The advice column in my local newspaper recently had a letter that sought advice on re-entry. The advice-seeker – Pining in Rome – is a student studying in Italy and loving it. She’s entering her last few weeks on the program and is worried about her return home.
Pining’s main concerns are: all her friends will have left for their own study abroad programs, there will be no one with whom to speak Italian, and the foods and pastimes she’s been enjoying do not exist at home. She has fallen into despair and is concerned she will not be able to enjoy her remaining weeks in Italy.
Here is the advice given: recognize how fortunate you are to have this opportunity and experience, “try not to over-romanticize the experience” and see it for the short-term fun it was, know you can return whenever you can afford it, and “how well you adjust depends entirely on your attitude.”
Being someone who has dealt with re-entry more than once, I find the advice given to be dismissive and unknowledgeable of the effects of a study abroad experience and the return home on a person. It doesn’t take into account the emotional and the personal connections and change that can take place. Pining in Rome is treated like a silly college girl who thinks she found true love on spring break. It also belittles the re-entry process, which can be a very complex negotiation of emotions, expectations, and reality.
The advice is very ‘big picture.’ I am not against getting some perspective, but this advice comes from too great a distance to have any chance of being helpful to someone engaged in all-or-nothing thinking. The one good bit of advice is the suggestion that one’s attitude will go far in affecting the return.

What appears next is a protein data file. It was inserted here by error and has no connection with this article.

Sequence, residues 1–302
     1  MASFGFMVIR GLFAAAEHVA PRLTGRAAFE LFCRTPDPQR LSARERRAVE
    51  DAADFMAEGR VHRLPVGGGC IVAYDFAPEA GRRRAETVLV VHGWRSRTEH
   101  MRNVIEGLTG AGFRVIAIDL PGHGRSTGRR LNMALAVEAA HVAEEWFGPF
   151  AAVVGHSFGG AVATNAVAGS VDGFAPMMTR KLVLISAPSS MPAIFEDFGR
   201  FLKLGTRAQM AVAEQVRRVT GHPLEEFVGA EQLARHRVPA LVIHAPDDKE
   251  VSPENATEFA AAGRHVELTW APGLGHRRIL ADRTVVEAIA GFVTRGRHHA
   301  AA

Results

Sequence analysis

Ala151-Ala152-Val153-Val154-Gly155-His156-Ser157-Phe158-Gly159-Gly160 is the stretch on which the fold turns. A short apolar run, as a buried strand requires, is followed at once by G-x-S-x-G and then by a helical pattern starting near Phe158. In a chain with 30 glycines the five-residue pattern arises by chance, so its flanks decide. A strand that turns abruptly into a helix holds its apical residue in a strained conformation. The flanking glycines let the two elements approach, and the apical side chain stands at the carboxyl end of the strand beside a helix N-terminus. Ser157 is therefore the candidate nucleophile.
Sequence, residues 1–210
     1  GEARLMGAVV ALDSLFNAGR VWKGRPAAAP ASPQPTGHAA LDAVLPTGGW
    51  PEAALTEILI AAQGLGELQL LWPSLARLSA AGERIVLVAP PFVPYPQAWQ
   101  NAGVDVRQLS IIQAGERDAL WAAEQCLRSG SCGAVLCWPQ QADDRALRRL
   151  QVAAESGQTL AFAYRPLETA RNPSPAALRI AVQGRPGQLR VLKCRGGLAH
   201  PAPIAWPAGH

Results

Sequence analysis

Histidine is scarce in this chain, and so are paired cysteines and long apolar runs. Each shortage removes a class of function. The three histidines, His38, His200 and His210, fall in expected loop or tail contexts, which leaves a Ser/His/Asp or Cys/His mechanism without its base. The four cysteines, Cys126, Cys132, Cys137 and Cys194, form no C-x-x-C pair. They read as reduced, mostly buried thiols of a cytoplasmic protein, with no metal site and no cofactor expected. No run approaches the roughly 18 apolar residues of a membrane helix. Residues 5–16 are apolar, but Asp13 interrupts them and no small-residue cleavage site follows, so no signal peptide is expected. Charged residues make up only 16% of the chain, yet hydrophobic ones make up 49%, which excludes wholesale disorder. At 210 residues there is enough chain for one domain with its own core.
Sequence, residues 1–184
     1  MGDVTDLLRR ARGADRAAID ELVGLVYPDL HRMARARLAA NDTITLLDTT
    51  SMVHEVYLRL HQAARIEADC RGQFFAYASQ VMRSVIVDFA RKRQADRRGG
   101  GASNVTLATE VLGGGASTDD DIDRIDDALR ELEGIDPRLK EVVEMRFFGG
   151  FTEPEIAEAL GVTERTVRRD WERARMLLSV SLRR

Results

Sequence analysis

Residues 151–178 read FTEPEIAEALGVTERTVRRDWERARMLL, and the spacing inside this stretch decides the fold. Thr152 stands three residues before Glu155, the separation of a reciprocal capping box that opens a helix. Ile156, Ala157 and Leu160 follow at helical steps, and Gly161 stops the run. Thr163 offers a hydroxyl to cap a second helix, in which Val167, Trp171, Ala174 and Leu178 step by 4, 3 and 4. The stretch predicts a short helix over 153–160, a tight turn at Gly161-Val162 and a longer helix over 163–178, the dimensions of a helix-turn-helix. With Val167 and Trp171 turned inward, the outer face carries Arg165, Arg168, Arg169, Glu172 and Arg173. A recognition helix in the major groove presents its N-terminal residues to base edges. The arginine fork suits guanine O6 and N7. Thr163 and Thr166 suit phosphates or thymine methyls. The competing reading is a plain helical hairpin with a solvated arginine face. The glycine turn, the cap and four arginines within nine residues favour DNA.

My response to Pining would go something like this:
Dear Pining: I’m thrilled you’re having an amazing experience on your study abroad program. As you enter your final weeks, concerns about returning home are to be expected. Your home institution should have provided you with information about re-entry and I hope you read it, if not, please do so now. Don’t let all-or-nothing thinking take over. You are in rare company that ALL of your friends are also interested in studying abroad and will be on their own programs. If this is indeed true, returning will be like going abroad again in that you don’t know a lot or any other people and you need to put yourself out there. Also, you don’t need Italians to speak Italian. If your school doesn’t offer Italian classes, branch out and see if there are any language groups in the town’s community. As for your concern about specific foods and pastimes, well, they are what make Italy, Italy. But if you do your research and call upon your newly honed skill of stretching your comfort zone, you might just find similar items and activities closer than you thought. Read up on re-entry issues (there are resources out there), make a game plan on how you can marry your experience with home, and stay positive.